Source: Deep Learning on Medium
An artificial neural network (ANN) is a series of algorithms that aims at recognizing underlying relationships in a set of data through a process that mimics the way the human brain operates. Such a system “learns” to perform tasks by analysing examples, generally without being programmed with task-specific rules.
Neural networks are organized in various layers:
- Input layer: the input layer neurons receive the information supposed to explain the problem to be analyzed;
- Hidden layer: the hidden layer is an intermediate layer allowing neural networks to model nonlinear phenomena. This said to be “hidden” because there is no direct contact with the outside world. The outputs of each hidden layer are the inputs of the following layers units;
- Output layer: the output layer is the last layer of the network; it produces the result, the prediction.
The perceptron is the first and simplest neural network model, a supervised learning algorithm invented in 1957 by Frank Rosenblatt, a notable psychologist in the field of artificial intelligence.
This network is said to be simple because it only has two layers: an input layer and an output layer. This structure involves only one matrix of weights and all the units of the input layer are connected to the output layer’s.
The perceptron is a linear classifier for binary predictions, in other words it can classify or separate the data into two categories.
First of all, the simple perceptron takes n input values (x1, x2, …, xn) and is also defined by n+1 constants:
- n synaptic coefficients (or weights: w1, w2, …, wn);
- A bias: a neuron in which the activation function is equal to 1. Like the other neurons, a bias connects itself to the previous layer neurons through a weight, usually called the threshold.
Each input value must then be multiplied by its respective weight (wixi), and the result of each of these products must be added to obtain a weighted sum. The neuron will then generate one of two possible values, determined by the fact that the result of the sum is lower or higher than the threshold θ.
The weighted sum can be transformed into a dot product of two vectors, w (weight) and x (input), where w⋅ x = ∑wixi, then the inequality can be resolved by moving θ (threshold) to the other side.
Completing all these steps produces the following architecture:
A neural network generates a prediction after passing all inputs through all layers, up to the output layer. This process is called forward propagation.
Neural networks work the same way as a perceptron. So, in order to make sense of neural networks, the perceptron must be understood!
The activation function, also known as the transfer function, is an essential component of the neural network. In addition to introducing the non-linearity concept into the network, it aims at converting the signal entering a unit (neuron) into an output signal (response).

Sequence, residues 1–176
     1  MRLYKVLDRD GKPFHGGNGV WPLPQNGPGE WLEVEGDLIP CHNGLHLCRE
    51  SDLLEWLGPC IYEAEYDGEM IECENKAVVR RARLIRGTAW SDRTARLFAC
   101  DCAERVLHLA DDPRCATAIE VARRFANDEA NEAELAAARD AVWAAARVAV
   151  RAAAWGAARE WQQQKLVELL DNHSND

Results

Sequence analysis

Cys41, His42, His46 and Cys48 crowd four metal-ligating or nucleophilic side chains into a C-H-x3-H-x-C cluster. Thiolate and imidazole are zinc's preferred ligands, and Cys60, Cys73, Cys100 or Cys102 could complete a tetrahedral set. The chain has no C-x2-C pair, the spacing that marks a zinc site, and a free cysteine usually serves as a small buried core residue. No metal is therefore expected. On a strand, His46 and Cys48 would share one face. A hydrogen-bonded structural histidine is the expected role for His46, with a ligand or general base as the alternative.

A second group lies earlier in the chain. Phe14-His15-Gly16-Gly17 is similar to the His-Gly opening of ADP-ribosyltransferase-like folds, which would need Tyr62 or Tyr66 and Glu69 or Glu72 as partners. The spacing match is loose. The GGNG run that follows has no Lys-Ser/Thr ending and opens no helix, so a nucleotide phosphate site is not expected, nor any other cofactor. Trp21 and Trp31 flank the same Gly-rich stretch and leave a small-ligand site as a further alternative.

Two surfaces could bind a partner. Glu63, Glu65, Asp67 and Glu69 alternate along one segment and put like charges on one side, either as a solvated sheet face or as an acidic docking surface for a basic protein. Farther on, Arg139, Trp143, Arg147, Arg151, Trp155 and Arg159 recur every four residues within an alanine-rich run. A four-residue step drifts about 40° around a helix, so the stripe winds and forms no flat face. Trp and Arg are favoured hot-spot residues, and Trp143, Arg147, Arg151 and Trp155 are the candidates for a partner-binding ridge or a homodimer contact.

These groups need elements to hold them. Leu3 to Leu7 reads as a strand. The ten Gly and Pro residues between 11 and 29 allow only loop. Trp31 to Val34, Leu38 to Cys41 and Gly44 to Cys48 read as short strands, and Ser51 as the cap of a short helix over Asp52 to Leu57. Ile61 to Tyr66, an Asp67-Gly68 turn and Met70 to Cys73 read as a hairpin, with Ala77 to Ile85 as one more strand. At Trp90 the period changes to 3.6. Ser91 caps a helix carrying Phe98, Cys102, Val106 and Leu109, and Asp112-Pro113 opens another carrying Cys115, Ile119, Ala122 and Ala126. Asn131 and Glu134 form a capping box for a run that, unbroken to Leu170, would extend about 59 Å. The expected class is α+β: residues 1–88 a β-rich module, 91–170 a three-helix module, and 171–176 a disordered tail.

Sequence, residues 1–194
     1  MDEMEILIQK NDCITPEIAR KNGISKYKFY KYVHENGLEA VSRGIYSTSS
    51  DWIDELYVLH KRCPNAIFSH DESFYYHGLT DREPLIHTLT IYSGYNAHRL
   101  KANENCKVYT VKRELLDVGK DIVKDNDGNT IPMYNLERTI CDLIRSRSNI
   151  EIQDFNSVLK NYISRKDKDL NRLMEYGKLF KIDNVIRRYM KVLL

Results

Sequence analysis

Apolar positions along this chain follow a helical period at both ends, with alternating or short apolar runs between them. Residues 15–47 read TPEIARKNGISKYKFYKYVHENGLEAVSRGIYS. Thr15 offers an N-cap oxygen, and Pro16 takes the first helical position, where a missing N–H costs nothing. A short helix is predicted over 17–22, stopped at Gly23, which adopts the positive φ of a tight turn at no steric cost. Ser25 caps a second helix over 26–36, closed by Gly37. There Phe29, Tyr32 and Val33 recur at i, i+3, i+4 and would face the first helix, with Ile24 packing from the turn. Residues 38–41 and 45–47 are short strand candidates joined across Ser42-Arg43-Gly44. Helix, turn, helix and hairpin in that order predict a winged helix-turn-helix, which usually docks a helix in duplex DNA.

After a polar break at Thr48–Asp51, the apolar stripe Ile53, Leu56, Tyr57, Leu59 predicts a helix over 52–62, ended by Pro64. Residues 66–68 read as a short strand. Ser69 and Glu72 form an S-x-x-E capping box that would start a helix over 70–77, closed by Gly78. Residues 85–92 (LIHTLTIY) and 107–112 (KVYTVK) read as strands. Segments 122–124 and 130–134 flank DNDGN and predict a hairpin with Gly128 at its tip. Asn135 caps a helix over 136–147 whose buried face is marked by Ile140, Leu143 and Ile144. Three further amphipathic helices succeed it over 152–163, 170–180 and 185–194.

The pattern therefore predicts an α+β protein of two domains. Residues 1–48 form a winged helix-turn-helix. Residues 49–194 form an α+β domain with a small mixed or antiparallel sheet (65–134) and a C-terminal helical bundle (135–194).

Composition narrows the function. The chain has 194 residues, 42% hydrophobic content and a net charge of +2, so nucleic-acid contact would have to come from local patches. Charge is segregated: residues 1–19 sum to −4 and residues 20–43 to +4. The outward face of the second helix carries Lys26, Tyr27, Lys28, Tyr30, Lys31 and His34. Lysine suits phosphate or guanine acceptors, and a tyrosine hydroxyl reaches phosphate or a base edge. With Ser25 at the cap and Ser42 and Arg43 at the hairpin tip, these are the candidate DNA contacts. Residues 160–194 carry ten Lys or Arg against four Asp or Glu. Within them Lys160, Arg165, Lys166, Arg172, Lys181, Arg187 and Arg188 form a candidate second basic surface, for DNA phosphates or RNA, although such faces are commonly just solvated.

The function’s name comes from its biological equivalent the “action potential”: the excitation threshold which, once reached, results in a neuron response.
It is worth noting that thanks to the bias, it is possible to shift the activation function curve up or down, which means greater learning opportunities for the network.
There are two types of activation functions: linear and non-linear.
Linear Activation Function
This is a simple function which takes the form: f(x) = x. The input passes to the output with little or no modification. This is neither more nor less than a proportionality case.
Non-Linear Activation Functions
The non-linear functions are the most commonly used and make it possible to separate data that is not linearly separable. A non-linear equation governs the correspondence between inputs and outputs.
Main non-linear functions:
The sigmoid function (or logistic function) is an “S” curve that generates an output between 0 and 1, it is expressed as probability.
Being a “smoother” version, it is preferred to the Heaviside step function but is not free of defects. Indeed, the sigmoid function is not zero-centered, so negative inputs might generate positive outputs. Moreover, its impact on neurons is relatively low, the result being often very close to 0 or 1, thus it leads to the saturation of some of them. Finally, the exponential function makes the process expensive as a computation.
- Hyperbolic Tangent (TanH):
The hyperbolic tangent is a sigmoidal function like the previous one; however it usually produces better results than the logistic function due to its symmetry. Indeed, the difference is that the result of the TanH function is mapped between -1 and 1. It is generally preferred to the Sigmoid function because it is zero-centered. This function is ideal for multilayer perceptrons, especially for hidden layers.
Apart from this aspect, the Tanh function shares the same drawbacks as the Sigmoid function.
- Rectified Linear Unit (ReLU) :
The ReLU function helps solving the saturation problem of the above functions. It is the most frequently used.
If the input is negative, the output is 0, whereas if it is positive then the output is z. This activation function significantly increases the network convergence and does not saturate.
However, the ReLU function is not perfect either. It is possible that the neuron remains inactive if the input value is negative, consequently the weights are not updated and the network no longer learns.
Why is this activation function needed?
Without a non-linear activation function, an artificial neural network, no matter how many layers it has, will behave as a simple perceptron, because summing its layers would only result in another linear function.
Which function should be used?
Is it a regression or classification problem? In the first case, is it a binary classification case? Ultimately, there is no better activation function, it depends on the task to be handled.